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World Series X-factors: How the Phillies and Astros match up and how they could beat each other

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The Philadelphia Phillies and the Houston Astros will kick off the 2022 World Series on Friday night at Minute Maid Park in Houston, Texas. The Phillies, aiming for their first World Series title since 2008, would have to beat the St. Louis Cardinals, Atlanta Braves and San Diego Padres to reach that point. The Astros, who last won the title in 2017, beat the Seattle Mariners and the New York Yankees.

On paper, the Astros would look like a great team. Not only did the Astros win 29 more games during the regular season, they also posted a much better record, with Houston outscoring their rivals by 219 points; Philadelphia, on the other hand, was only 62 points ahead of its rivals, or nearly a point per game short.

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The beauty of postseason baseball is that macro analysis doesn’t necessarily matter. After all, the Phillies had already beaten the three teams that had the best regular season records. Sometimes these streaks are defined by underlying dynamics that give one team an unexpected edge. With that in mind, CBS Sports has identified three X Factors that could influence the outcome of this year’s World Series.

1. Four-seam tensile strength

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During the regular season, the Astros threw the third-highest percentage of four-seam fastballs in major tournaments, behind only the Los Angeles Dodgers and the Minnesota Twins. Conversely, the Phillies ranked fifth in wOBA (an overall score that weights base percentage more correctly than OPS) compared to the four-seam. (The Astros themselves took first place in this category.) Thus, in this series, it can be decided whose strength will be more dominant.

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Note that not all four-seam fastballs are created equally. For example, the Astros as a staff tend to rely on “upward” action heaters thrown onto a flat plane—the combination creates a complex optical illusion that attackers must overcome. More than a handful of Houston’s expected pitching personnel had fastballs that averaged at least 18 inches of faux vertical gap during the regular season; The Phillies fared relatively well on this sort of field, finishing third in the wOBA.

While this may seem like a good sign for the Phillies, keep in mind that the New York Yankees are fifth and the Seattle Mariners are seventh in the wOBA against four-seam fastballs and at least 18 inches of IVB. Neither managed to win a game against the Astros in their playoff series.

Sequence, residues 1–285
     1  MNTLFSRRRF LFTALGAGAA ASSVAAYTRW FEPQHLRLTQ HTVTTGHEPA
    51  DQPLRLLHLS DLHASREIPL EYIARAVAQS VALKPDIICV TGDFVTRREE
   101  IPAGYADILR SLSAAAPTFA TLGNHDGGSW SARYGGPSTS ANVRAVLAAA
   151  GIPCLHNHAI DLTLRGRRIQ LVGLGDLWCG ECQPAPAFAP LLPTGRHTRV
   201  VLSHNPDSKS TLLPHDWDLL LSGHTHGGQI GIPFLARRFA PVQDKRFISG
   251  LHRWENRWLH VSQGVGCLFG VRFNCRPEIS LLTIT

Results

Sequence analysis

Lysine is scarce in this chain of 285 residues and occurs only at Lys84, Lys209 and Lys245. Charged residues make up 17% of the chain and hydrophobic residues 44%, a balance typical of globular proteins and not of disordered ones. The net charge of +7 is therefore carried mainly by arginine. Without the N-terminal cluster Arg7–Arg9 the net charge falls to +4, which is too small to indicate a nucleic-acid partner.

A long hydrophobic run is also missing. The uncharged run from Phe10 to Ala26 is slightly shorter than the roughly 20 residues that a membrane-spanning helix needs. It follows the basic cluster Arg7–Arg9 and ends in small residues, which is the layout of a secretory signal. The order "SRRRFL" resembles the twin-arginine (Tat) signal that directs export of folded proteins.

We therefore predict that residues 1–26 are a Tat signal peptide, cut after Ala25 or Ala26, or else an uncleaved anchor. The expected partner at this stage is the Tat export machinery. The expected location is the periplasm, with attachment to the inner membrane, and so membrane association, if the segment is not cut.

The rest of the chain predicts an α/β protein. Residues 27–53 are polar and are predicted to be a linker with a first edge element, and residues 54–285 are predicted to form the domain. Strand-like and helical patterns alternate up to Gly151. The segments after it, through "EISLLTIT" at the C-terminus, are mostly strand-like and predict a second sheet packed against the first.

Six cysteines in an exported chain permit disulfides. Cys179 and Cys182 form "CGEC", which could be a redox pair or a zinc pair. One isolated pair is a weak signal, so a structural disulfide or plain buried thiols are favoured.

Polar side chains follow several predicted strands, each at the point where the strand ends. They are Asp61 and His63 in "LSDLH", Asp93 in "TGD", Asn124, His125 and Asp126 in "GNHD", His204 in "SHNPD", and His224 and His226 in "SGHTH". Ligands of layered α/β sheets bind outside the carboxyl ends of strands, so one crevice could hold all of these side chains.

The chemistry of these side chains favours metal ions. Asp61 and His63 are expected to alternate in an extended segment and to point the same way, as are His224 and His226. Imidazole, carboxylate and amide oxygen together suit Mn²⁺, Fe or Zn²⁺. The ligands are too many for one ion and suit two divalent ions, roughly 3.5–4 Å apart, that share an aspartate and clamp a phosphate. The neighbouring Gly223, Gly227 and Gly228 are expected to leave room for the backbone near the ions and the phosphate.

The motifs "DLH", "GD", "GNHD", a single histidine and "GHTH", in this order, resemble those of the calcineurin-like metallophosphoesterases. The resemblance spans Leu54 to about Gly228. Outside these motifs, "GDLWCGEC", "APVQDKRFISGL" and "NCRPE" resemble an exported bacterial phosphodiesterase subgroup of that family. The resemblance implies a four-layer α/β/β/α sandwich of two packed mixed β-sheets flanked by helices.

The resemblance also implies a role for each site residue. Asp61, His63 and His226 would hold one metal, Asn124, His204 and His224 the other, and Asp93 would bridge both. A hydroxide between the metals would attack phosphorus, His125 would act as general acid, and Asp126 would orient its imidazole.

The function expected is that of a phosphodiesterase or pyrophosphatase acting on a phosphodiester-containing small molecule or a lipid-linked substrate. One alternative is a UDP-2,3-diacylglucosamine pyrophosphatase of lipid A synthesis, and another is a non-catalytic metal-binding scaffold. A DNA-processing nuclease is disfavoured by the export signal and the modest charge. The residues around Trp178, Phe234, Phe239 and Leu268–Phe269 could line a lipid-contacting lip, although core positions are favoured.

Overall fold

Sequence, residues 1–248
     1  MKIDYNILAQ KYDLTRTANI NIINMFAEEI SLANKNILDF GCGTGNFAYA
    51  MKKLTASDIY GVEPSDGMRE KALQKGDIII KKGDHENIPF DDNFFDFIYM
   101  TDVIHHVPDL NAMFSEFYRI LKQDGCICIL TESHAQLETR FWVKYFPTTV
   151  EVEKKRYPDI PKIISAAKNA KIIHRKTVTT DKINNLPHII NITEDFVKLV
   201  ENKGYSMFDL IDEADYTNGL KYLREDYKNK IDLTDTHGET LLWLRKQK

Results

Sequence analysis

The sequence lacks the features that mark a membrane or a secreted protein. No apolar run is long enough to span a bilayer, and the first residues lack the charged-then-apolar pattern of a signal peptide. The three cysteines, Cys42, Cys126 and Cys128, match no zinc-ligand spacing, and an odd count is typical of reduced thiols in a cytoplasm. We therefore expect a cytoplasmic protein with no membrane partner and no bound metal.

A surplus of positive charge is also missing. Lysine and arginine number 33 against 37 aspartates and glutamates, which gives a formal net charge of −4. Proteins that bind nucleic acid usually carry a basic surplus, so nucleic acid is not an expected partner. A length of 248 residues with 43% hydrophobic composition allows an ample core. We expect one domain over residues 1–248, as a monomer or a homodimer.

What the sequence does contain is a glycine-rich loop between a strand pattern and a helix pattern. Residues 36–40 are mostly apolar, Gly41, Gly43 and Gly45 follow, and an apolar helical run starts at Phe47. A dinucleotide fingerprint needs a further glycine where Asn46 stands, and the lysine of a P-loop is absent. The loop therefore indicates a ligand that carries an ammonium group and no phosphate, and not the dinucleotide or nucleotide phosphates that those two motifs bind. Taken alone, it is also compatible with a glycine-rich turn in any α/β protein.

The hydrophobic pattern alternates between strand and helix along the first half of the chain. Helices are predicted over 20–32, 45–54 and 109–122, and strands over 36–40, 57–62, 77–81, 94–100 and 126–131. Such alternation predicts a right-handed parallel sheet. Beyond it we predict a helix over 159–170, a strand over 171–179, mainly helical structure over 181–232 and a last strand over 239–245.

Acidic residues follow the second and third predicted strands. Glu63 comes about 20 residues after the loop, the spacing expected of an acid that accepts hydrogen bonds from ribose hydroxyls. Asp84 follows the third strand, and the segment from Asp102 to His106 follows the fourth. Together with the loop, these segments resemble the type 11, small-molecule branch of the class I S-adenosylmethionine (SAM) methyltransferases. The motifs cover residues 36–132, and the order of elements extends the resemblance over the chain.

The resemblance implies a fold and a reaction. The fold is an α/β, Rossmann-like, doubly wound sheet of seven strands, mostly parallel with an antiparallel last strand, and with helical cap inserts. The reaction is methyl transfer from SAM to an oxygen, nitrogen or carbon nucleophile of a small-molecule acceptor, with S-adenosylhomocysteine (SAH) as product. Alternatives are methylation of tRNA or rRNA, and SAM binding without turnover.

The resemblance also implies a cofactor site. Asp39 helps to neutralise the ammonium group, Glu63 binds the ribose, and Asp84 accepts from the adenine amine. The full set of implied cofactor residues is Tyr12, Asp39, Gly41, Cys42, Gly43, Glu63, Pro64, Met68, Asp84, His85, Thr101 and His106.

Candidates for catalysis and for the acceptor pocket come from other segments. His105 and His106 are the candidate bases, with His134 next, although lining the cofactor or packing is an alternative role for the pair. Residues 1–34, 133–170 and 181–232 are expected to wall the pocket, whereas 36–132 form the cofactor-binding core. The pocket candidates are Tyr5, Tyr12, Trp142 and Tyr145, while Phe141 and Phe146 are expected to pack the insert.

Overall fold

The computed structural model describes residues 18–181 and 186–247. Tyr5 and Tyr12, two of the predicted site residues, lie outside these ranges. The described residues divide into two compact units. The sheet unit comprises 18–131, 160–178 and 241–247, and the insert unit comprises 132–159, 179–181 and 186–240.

2. Inner game

We’ve established that Phillies hitters and Astros pitchers will be a matter of strength versus strength. Guess what? The same goes for the battle between Phillies pitchers and Astros hitters. This time it all comes down to location.

The Phillies fielded the second-highest percentage of fields located on the inside half of the plate during the regular season, behind the Miami Marlins. José Alvarado, Bailey Falter, Ranger Suarez and Zach Wheeler topped the team average.

The Astros, in contrast, had the sixth highest wOBA on pitchers located in the inner half. Jose Altuve, Alex Bregman, Jeremy Peña, and Jordan Alvarez – or, in fact, the best in the Houston squad – were especially good at serving inside.

As in the first section, we would like to caution against guessing which power will win. As good as the Astros were in this area of ​​the zone, the Braves (first) and Cardinals (second) were even better on paper. The Padres, 21st, were on the other end of the spectrum, suggesting they were at a huge disadvantage in the NLCS.

3. Protective ability

If you’re a Phillies fan, you’re probably tired of hearing and reading about your club’s defense. However, the gap between the teams is large enough to be called a potential defining factor in this series.

The Astros had the second-best defense in the majors in the regular season, stopping 25 runs. according to Statcast. Center fielder Chas McCormick, shortstop Jeremy Peña, third baseman Alex Bregman, and right fielder Kyle Tucker all contributed at least four of those saved runs.

The Phillies, on the other hand, registered with the second-worst defense, costing them 29 runs. The worst offenders were corner-backs; Kyle Schwarber, Nick Castellanos, Alec Bohm and Rhys Hoskins were responsible for five or more runs back, again according to Statcast estimates.

Defense is a wild card because a lot depends on the difficulty of the opportunity. In one respect, though, we feel confident writing that the Phillies defense will be more tested than it has been before, given how difficult it is for the Astros to hit. Only the Cleveland Guardians were relegated less frequently as a team during the regular season. As such, the Astros are likely to put more balls into play than any other team the Phillies faced this October. It goes without saying that only some of them need to be above average difficulty in order to affect the outcome of the game and the series.

One point for the Phillies: They beat the Cardinals and Padres, who are in the top 10 in strikeouts.


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